Hospital patients who develop infections in which 10% of the patients die will be offered double the traditional course of antibiotics in a new trial.
Patients with severe abdominal infections usually receive a two-week course, but this is often unsuccessful. Now researchers from the University of Leeds and the University of York are testing a month-long course to determine if it is more effective at clearing the infection.
The EXTEND study is funded by the National Institute for Health and Care Research (NIHR) and co-led by Dr. Andrew Kirby, Associate Professor at the University of Leeds’ School of Medicine and an NHS Consultant in Microbiology, and Mr Dermot Burke, Associate Professor of Surgery at Leeds Medical School.
Antimicrobial resistance to the drugs. But these infections are very serious and current treatments do not work for a large proportion of patients. We want to see if a longer, steady course cures more people — whether it stops the infection, prevents new infections and saves lives.”
dr. Andrew Kirby, Associate Professor, University of Leeds Medical School
Serious abdominal infections occur when the gut is damaged, usually from bowel surgery or disease, which causes bacteria living in the gut to leak into the surrounding cavity. These infections are a leading cause of sepsis in patients in intensive care units. Sepsis in the UK kills more people than breast, colon and prostate cancers combined.
Long courses of antibiotics can be controversial because they can increase the risk that bacteria will find ways to survive the antibiotics, meaning the antibiotics no longer work to fight the infection. There is also some evidence that four days of antibiotics may be enough to treat severe abdominal infections.
The problem with short courses of antibiotics is that 20% of patients do not recover and 10% die after their infection.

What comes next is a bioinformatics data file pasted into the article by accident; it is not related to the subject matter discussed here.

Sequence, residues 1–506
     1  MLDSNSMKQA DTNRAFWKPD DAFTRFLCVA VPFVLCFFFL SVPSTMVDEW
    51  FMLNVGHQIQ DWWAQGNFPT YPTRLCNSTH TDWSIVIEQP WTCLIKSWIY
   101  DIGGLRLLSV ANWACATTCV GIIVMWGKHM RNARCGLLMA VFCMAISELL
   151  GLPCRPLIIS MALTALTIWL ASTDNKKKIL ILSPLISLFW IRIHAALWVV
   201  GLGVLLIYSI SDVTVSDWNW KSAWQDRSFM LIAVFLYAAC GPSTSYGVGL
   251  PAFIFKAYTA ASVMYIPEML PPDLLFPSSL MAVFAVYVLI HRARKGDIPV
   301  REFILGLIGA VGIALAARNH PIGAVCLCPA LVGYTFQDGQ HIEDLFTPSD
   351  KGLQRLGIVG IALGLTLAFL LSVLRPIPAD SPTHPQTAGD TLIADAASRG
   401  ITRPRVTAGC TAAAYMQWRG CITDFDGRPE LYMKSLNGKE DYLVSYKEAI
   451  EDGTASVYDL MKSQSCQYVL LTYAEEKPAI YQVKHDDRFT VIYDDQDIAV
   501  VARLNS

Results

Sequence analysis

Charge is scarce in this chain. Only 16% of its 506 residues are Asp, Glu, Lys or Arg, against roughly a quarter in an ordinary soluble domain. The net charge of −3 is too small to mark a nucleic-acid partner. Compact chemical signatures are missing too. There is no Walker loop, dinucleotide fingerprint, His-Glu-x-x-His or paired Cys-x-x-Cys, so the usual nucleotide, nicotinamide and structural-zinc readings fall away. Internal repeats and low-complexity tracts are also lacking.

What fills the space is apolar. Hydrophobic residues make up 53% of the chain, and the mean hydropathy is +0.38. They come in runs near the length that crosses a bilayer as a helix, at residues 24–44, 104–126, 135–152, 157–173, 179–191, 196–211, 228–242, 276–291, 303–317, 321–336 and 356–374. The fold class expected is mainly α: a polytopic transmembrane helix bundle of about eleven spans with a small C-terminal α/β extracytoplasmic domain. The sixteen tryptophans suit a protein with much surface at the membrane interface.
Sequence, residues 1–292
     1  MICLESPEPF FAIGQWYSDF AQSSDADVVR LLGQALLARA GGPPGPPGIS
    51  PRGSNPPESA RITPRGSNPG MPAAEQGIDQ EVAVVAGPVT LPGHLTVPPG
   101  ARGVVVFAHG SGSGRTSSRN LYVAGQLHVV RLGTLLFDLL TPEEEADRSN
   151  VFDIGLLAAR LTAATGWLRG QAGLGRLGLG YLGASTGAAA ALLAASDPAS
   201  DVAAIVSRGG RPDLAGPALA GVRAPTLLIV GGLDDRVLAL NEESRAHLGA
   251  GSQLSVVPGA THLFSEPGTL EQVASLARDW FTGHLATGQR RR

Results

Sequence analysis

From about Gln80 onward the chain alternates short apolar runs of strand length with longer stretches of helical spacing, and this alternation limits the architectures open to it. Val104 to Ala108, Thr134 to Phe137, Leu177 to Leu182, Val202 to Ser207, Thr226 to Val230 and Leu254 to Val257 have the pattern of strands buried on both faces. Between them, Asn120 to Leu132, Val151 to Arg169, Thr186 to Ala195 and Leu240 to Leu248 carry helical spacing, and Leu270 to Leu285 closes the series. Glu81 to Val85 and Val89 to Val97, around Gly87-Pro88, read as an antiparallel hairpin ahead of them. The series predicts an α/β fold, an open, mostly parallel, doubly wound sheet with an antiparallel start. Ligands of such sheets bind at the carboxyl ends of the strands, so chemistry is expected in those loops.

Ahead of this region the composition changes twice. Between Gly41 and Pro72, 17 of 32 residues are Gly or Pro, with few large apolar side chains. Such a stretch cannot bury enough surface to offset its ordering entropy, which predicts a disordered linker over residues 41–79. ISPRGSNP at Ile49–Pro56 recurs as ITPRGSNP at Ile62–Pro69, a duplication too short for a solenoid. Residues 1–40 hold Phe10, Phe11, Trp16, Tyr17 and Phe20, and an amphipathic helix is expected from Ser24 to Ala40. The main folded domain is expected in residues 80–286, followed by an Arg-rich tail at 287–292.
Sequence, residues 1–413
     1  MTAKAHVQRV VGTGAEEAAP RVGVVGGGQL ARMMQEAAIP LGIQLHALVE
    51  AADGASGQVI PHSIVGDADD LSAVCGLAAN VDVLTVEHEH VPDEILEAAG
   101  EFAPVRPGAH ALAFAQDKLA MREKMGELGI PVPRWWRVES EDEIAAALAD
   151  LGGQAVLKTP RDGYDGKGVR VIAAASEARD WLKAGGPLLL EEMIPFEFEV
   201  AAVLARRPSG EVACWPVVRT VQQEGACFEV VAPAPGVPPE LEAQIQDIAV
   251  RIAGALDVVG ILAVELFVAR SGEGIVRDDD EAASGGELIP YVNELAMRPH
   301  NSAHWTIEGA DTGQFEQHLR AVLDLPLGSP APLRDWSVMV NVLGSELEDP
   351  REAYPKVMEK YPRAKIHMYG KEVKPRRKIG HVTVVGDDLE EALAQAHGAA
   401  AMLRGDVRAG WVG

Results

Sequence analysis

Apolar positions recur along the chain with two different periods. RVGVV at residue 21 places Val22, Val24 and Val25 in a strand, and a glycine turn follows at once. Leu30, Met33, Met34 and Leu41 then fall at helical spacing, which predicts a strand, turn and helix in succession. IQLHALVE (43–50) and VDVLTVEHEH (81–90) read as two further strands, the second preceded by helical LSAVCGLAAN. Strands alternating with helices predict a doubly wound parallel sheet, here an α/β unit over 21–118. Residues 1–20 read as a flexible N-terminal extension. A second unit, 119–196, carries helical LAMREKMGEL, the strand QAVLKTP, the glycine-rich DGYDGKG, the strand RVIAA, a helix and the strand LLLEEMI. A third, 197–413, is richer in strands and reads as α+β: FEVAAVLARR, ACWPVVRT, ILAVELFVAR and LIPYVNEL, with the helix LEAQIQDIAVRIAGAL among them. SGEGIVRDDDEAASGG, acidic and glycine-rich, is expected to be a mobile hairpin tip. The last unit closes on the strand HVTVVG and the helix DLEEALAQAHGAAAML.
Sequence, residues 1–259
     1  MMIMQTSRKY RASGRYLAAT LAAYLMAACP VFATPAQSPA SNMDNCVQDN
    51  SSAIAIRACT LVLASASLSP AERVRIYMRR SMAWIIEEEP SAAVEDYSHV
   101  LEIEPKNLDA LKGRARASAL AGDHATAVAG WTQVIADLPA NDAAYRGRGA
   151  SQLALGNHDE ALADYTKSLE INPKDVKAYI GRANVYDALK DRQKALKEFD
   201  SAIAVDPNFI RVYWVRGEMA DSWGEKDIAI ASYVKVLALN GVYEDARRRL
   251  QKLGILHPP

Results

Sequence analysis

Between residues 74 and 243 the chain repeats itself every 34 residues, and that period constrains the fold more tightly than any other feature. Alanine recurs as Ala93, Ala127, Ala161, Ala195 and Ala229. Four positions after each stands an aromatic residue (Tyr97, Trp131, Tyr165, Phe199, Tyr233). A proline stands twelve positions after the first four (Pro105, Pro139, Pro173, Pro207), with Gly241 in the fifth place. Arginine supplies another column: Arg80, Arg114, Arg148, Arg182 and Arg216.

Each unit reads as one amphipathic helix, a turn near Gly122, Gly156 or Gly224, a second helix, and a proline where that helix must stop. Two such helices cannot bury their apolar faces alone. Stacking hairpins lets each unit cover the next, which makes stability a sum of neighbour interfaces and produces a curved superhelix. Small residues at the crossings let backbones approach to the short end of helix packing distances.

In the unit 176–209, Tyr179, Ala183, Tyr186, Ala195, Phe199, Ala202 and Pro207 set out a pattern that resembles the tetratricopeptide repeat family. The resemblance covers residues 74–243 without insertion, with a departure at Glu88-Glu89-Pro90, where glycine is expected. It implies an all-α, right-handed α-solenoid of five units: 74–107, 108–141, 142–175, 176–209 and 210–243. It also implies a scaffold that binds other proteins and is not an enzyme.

Currently, doctors rely on blood tests and patient-reported symptoms to assess whether the infection has cleared. But if the bacteria are not completely eradicated by the antibiotics, they can start growing again, resulting in a recurrence of the infection and possibly more episodes of sepsis. That’s why researchers now want to determine whether a fixed 28-day course of antibiotics can cure these infections more effectively than a doctor who decides when to stop the course.
Burke said: “Intra-abdominal infections make patients miserable and fatigued and keep people in the hospital for a long time. Improved treatment methods are desperately needed.”
Professor Andrew Ustianowski, NIHR Joint National Infection Specialty Lead, said: “Intra-abdominal infections and sepsis are very serious problems in our populations. We have a variety of antibiotics that can help, but we need specific research to inform us about the best way to them, also for how long.
“This NIHR-funded study is therefore an important study that I expect will have a direct beneficial effect on our future management of these infections.”
The EXTEND trial will start in August 2022 and will last for three years. It will follow the patients for six months. Half are prescribed a course of antibiotics by their doctor, normally for a week or two, and the other half are given the 28-day course. The trial is open to patients in hospital with a serious abdominal infection.